Welcome to Online Insider ...
... the editorial blog by Marydee Ojala, Editor of ONLINE: Exploring Technology & Resources for Information Professionals. ONLINE Insider intends to extend the reach of the print publication, presenting a more timely commentary on the products, people, and events that shape today's online world. It explores new technologies as they impact the working lives of information professionals, explains resources for specific topic areas, and expounds on information management tools and techniques.

Diane Rehm Program on Social Networking

Marydee Ojala @ 1:04 pm

I caught part of today’s Diane Rehm show on the car radio while driving to the post office (surprisingly, not too many people there in line to buy one-cent stamps). The topic was social networking, which made me wish I’d heard the entire show. But, of course, I can listen to it at the website. Here’s the official description:

Social Networking — Facebook and Linked-in are two of the most popular on-line social networks, but there are now millions of others catering to all ages and a myriad of interests. A look at the growing appeal of on-line social networks and their value to members in the profit and not-for-profit worlds.

The guests were: Gina Bianchini, co-founder, Ning; Andy Carvin, senior product manager, NPR Community, NPR Digital Media; Josh Bernoff, vp, principal analyst, Forrester Research; Manuel Hernandez, president,Diabetes Hand Foundation www.tudiabetes.com, and Amy Worley, Director of Digital Marketing, H&R Block, Digital Tax Solutions.

I did chuckle when Andy Carvin talked about using Twitter to announce that a guest for an NPR program had cancelled and ask for suggestions for a replacement. During CIL 2007, it was the obverse. The Tuesday morning keynote speaker couldn’t make it, so Andy filled in — and Twittered the experience. On  today’s radio show, he also talked about how NPR is using Twitter to broadcast news. Very creative, NPR!

 

 

Workarounds

Marydee Ojala @ 7:19 pm

I’ve been thinking about the wierd things that happen in theoretically stable online environments. Karen Blakeman mentioned recently that, in a hotel in England, her Google connection was suddenly German. Turned out the telephone provider to the hotel was German. I had the same experience in Prague once, only my Google there was French. Same reason, though, the telephone provider to the hotel was French. In trying to circumvent seeing web pages in languages other than English, I’ve long tried entering www.google.co.uk in these situations, trying to invoke the UK version of Google. Last year I experimented with www.google.us, which almost always works. I don’t know if the .us version actually replicates the .com version I get on my home machine, but it’s close enough for horseshoes (as my Dad used to say).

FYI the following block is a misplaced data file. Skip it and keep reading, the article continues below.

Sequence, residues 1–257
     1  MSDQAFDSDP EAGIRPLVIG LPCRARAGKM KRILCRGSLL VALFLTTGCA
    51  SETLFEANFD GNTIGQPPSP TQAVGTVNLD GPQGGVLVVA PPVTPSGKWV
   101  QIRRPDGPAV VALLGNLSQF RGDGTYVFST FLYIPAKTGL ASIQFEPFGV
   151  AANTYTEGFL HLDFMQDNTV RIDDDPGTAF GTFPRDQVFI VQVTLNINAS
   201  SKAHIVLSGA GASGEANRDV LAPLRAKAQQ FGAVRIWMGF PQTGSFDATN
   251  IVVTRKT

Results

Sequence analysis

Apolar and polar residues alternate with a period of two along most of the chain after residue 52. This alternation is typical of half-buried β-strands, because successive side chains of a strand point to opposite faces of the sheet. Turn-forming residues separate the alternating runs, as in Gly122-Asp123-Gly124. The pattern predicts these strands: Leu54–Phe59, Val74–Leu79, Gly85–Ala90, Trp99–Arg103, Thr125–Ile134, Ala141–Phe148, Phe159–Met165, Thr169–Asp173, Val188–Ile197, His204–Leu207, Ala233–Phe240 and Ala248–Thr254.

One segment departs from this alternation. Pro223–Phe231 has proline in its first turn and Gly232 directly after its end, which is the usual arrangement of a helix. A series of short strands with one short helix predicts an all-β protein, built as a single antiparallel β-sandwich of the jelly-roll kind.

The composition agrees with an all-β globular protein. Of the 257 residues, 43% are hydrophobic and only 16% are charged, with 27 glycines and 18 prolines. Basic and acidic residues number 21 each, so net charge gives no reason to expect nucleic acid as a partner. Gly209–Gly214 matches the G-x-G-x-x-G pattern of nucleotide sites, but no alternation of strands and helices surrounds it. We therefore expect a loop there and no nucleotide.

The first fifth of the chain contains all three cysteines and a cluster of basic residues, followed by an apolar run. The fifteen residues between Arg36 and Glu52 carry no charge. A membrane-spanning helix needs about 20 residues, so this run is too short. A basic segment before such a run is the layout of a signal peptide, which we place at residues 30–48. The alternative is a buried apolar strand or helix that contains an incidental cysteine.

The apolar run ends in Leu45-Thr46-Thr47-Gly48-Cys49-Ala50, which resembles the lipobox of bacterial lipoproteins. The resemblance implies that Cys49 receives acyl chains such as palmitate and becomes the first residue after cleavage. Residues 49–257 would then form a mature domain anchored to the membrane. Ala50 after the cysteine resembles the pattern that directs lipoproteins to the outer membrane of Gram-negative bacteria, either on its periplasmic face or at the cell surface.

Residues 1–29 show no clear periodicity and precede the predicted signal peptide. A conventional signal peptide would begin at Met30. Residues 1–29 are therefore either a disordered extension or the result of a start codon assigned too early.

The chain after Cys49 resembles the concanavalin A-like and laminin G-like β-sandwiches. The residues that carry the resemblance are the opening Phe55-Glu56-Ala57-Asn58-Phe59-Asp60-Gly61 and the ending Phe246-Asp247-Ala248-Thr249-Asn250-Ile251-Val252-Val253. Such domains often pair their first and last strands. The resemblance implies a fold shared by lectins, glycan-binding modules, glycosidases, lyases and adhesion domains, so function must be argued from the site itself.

Over the weekend, a frequent author for ONLINE and a talented book author, Michael Banks, asked me if I could see the Search Within the Book feature on Amazon. I could on my laptop, but when I checked it on my office desktop, the feature had disappeared. It seems that Amazon is experimenting with the feature. Mike’s workaround is brilliant. He goes to www.amazon.ca (the Canadian version of Amazon) or www.amazon.de (the German version). I checked the UK version, www.amazon.co.uk, and Search Within the Book was there.

I’ve been annoyed for the past few days with Twitter search not finding people I know are signed up with Twitter. Today it worked perfectly. Everything I couldn’t find last week I found today.

Lessons learned: Nothing is always as it seems. Patience is a virtue. Look for the workarounds.

 

 

 

 

Twitterpated

Marydee Ojala @ 2:31 pm

I set up a Twitter account for Internet Librarian International. It’s here, but as far as I can tell, is invisible to Twitter’s search feature. When I couldn’t find it,  I started searching for people I know have a Twitter account, including me. Most of the searches came back to me with no results. Including the search on my own name. How distressing.

Twittering NFAIS

Marydee Ojala @ 2:22 pm

I was going to blog NFAIS this year, but instead decided to continue the twittering experiment that Karen and I began at INSOURCE in Prague. So you’ll find conference coverage here. Cindy Hill is also twittering the conference. The internet connection is pretty awful, it comes from the hotel’s food court. Both Cindy and I have had our connection fade in and out. I may blog some of the key points of the conference in retrospect.

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